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After this followed the "Shema." The Mishnah gives the following beautiful explanation of the order in which the portions of Scripture of which it is composed are arranged (Ber. ii. 2). The section Deuteronomy 6:4-9 is said to precede that in 11:13-21, so that we might "take upon ourselves the yoke of the kingdom of heaven, and only after that the yoke of the commandments." Again: Deuteronomy 11:13-21 precedes Numbers 15:37-41, because the former applies, as it were, both night and day; the latter only by day. The reader cannot fail to observe the light cast by the teaching of the Mishnah upon the gracious invitation of our Lord: "Come unto Me, all ye that labor and are heavy laden, and I will give you rest. Take My yoke upon you, and learn of Me; for I am meek and lowly in heart: and ye shall find rest unto your souls. For My yoke is easy, and My burden is light" (Matt 11:28- 30). These words must indeed have had a special significance to those who remembered the Rabbinic lesson as to the relation between the kingdom of heaven and the commandments, and they would now understand how by coming to the Savior they would first take upon them "the yoke of the kingdom of heaven," and then that of "the commandments," finding this "yoke easy" and the "burden light."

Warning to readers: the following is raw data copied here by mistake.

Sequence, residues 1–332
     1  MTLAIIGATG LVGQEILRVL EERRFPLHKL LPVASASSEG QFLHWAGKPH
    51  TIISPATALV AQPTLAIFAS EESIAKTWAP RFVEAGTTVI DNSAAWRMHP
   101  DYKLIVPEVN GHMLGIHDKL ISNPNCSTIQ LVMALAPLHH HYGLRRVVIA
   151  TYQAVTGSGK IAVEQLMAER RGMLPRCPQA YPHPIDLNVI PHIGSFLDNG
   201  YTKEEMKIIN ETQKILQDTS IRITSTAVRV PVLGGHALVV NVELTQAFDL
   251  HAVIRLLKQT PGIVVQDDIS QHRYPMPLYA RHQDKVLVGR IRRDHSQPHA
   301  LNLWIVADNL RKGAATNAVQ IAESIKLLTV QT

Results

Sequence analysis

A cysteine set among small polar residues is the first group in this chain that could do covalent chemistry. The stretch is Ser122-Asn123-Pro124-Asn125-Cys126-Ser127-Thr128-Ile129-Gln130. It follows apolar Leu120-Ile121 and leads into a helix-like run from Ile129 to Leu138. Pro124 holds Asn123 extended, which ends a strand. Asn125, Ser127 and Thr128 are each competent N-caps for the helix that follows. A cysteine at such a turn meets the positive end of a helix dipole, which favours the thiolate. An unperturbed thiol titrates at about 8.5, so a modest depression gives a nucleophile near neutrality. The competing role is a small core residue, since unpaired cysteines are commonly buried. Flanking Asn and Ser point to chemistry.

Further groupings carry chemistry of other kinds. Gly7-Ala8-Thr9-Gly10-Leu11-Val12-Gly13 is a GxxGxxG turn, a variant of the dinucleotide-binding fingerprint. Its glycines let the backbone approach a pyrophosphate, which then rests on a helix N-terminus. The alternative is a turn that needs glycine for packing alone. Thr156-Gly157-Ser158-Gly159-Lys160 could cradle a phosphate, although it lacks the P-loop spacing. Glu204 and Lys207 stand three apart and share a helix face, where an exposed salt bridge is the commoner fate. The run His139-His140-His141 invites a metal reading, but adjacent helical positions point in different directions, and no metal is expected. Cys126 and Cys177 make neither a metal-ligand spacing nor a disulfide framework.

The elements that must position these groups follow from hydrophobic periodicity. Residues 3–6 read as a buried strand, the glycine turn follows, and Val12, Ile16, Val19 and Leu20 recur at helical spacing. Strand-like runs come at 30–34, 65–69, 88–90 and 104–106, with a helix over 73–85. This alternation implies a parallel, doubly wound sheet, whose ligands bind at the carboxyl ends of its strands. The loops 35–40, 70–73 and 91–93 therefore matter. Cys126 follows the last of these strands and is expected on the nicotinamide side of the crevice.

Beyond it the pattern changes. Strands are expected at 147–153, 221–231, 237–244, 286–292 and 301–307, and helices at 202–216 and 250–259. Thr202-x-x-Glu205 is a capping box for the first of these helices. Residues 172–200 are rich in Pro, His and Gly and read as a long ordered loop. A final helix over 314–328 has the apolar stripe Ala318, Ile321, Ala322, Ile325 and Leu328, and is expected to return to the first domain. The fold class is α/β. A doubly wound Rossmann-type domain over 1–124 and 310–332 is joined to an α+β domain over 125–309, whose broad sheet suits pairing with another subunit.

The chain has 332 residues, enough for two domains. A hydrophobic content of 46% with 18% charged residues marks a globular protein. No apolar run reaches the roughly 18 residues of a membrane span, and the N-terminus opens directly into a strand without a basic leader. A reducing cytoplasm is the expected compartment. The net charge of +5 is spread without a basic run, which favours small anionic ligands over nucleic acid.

The prayer after the "Shema" was as follows: *
* In the form here given it is older than even the prayer referred to in the Mishnah (Ber. ii. 2).
"True it is, that Thou art Jehovah our God and the God of our fathers, our King and the King of our fathers, our Savior and the Savior of our fathers, our Creator, the Rock of our salvation, our Help and our Deliverer. Thy Name is from everlasting, and there is no God beside Thee. A new song did they that were delivered sing to Thy Name by the seashore; together did all praise and own Thee King, and say, Jehovah shall reign world without end! Blessed be the Lord Who saveth Israel!"
The anti-Sadducean views expressed in this prayer will strike the student of that period, while he will also be much impressed with its suitableness and beauty. The special prayer for the evening is of not quite so old a date as the three just quoted. But as it is referred to in the Mishnah, and is so apt and simple, we reproduce it, as follows: